- The Citation Classic: Judith L. Vaitukaitis, Glenn D. Braunstein, Griff T. Ross, “A radioimmunoassay which specifically measures human chorionic gonadotropin in the presence of human luteinizing hormone,” American Journal of Obstetrics and Gynecology 113:6, pp 751-758, July 15, 1972. (Citation Classic; Current Contents/Clinical Practice 11:24, 1983).
Abstract: With antiserum to the beta-subunit of human chorionic gonadotropin (hCG), we have developed a radioimmunoassay which selectively measures hCG in samples containing both human pituitary luteinizing hormone (HLH) and hCG. High HLH levels observed in samples obtained at the midcycle peak or from castrate patients do not cause significant inhibition in the specific hCG radioimmunoassay. The sensitivity of the assay is sufficient for distinguishing hCG from follicular and luteal phase HLH levels. This specific hCG radioimmunoassay is ideal for following serum hCG levels in patients undergoing chemotherapy for hCG-secreting tumors as well as for follow-up of patients after termination of molar pregnancies. In addition, the sensitivity of the assay will permit earlier diagnosis of pregnancy which, in turn, would permit earlier therapeutic intervention if desired.
- For more on the scientific basis for various urine pregnancy tests throughout human history, see J. Burstein and G.D. Braunstein, “Urine pregnancy tests from antiquity to the present,” Early Pregnancy: Biology and Medicine 1 (1995) pp. 288-296. Several entries in the “Timeline of Pregnancy Tests” were based on this material.
Vaitukaitis, Braunstein, and Ross' paper on the hCG radioimmunoassay, 1972.
Read the Citation Classic (PDF, 877KB)
- More information on the history of research on female reproductive hormones can be found in Vern Bullough, Science in the Bedroom: A History of Sex Research, Basic Books, 1994. See especially pp. 126-132. See also Ann Rudinow Saetnan, Nelly Oudshoorn, and Marta Kirejczyk, eds., Bodies of Technology: Women’s Involvement with Reproductive Medicine, Ohio State University Press, 2000.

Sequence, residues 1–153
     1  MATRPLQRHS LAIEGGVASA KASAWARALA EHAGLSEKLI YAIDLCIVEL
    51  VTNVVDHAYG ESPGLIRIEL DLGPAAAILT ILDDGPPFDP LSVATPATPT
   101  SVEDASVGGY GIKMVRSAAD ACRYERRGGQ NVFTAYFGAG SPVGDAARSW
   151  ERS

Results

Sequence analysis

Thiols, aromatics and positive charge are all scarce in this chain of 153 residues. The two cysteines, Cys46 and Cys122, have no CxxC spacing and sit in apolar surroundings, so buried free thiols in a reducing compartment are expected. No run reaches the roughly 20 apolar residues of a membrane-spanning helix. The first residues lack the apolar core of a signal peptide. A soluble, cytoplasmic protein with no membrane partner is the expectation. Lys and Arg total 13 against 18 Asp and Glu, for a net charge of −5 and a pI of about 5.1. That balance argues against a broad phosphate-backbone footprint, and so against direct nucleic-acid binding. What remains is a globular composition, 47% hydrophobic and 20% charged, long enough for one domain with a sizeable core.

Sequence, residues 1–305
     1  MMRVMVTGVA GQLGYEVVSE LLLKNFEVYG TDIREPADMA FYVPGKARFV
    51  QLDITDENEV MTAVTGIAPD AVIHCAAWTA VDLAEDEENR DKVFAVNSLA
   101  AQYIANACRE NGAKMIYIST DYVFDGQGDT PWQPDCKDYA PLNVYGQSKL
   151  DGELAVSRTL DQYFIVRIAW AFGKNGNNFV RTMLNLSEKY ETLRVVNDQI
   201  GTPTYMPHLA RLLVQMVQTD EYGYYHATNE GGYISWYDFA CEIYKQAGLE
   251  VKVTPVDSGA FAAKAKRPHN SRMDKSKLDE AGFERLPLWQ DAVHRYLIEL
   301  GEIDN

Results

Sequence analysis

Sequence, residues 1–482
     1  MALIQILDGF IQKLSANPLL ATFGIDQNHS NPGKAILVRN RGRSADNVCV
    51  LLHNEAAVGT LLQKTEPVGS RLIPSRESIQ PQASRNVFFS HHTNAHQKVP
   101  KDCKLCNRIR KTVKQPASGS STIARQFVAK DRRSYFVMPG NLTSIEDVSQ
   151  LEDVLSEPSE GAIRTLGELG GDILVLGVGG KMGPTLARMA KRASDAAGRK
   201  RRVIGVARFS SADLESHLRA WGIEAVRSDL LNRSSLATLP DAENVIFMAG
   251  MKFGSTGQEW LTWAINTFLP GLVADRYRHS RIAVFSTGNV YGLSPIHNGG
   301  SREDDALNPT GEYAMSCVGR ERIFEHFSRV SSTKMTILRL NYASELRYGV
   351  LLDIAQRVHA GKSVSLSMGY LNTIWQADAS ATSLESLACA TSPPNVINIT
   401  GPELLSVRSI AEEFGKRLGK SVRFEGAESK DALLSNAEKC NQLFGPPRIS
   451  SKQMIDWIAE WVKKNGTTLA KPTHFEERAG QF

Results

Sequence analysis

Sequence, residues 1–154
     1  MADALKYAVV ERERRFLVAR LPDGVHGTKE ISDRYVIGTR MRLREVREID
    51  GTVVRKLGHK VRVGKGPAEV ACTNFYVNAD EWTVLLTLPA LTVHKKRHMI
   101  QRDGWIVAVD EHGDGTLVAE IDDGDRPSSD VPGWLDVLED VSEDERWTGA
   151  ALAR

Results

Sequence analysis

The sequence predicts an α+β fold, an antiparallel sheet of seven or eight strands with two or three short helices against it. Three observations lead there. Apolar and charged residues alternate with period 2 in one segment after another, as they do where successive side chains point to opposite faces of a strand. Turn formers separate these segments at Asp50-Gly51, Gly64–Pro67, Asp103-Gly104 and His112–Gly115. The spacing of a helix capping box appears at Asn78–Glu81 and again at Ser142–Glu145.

- For more on the medical profession’s increased “efforts to establish itself as the source of maternity care for the middle class,” see the entry on Pregnancy Testing in Barbara Katz Rothman, ed. The Encyclopedia of Childbearing. Holt & Co., 1993, pp. 327-328.
- On medical tests see: Trevor Pinch, “Testing—1,2,3 Testing: Toward a Sociology of Testing.” Science, Technology and Human Values (Winter, 1993) pp. 25-41.
- A description of the testing that led to FDA approval of the first home pregnancy tests can be found in: “Home Pregnancy Test Simple to Use, Reasonably Accurate, Especially if Result is Positive,” Family Planning Perspectives 11:3 (May/June 1979) pp. 190-191.
- The Power House Museum of Australia features an online exhibit on the history and material culture of menstruation at: http://www.powerhousemuseum.com/rags/
- Many popular women’s magazines have featured articles about women’s relationships with OB/GYNs and pregnancy testing in the past few decades. See for example:
- Joann Ellison Rodgers, “Who’s Running the Show—Gynecologists or Patients?” Mademoiselle (November 1978), pp. 74-75.
- Joel Gurin, “Home Medical Tests: What Works, What Doesn’t, What’s Right for You.” Glamour (September 1988), pp. 142-145.
- Cynthia Hacinli, “All Pregnancy Tests are Not Equal,” Mademoiselle, (March 1989), p.142.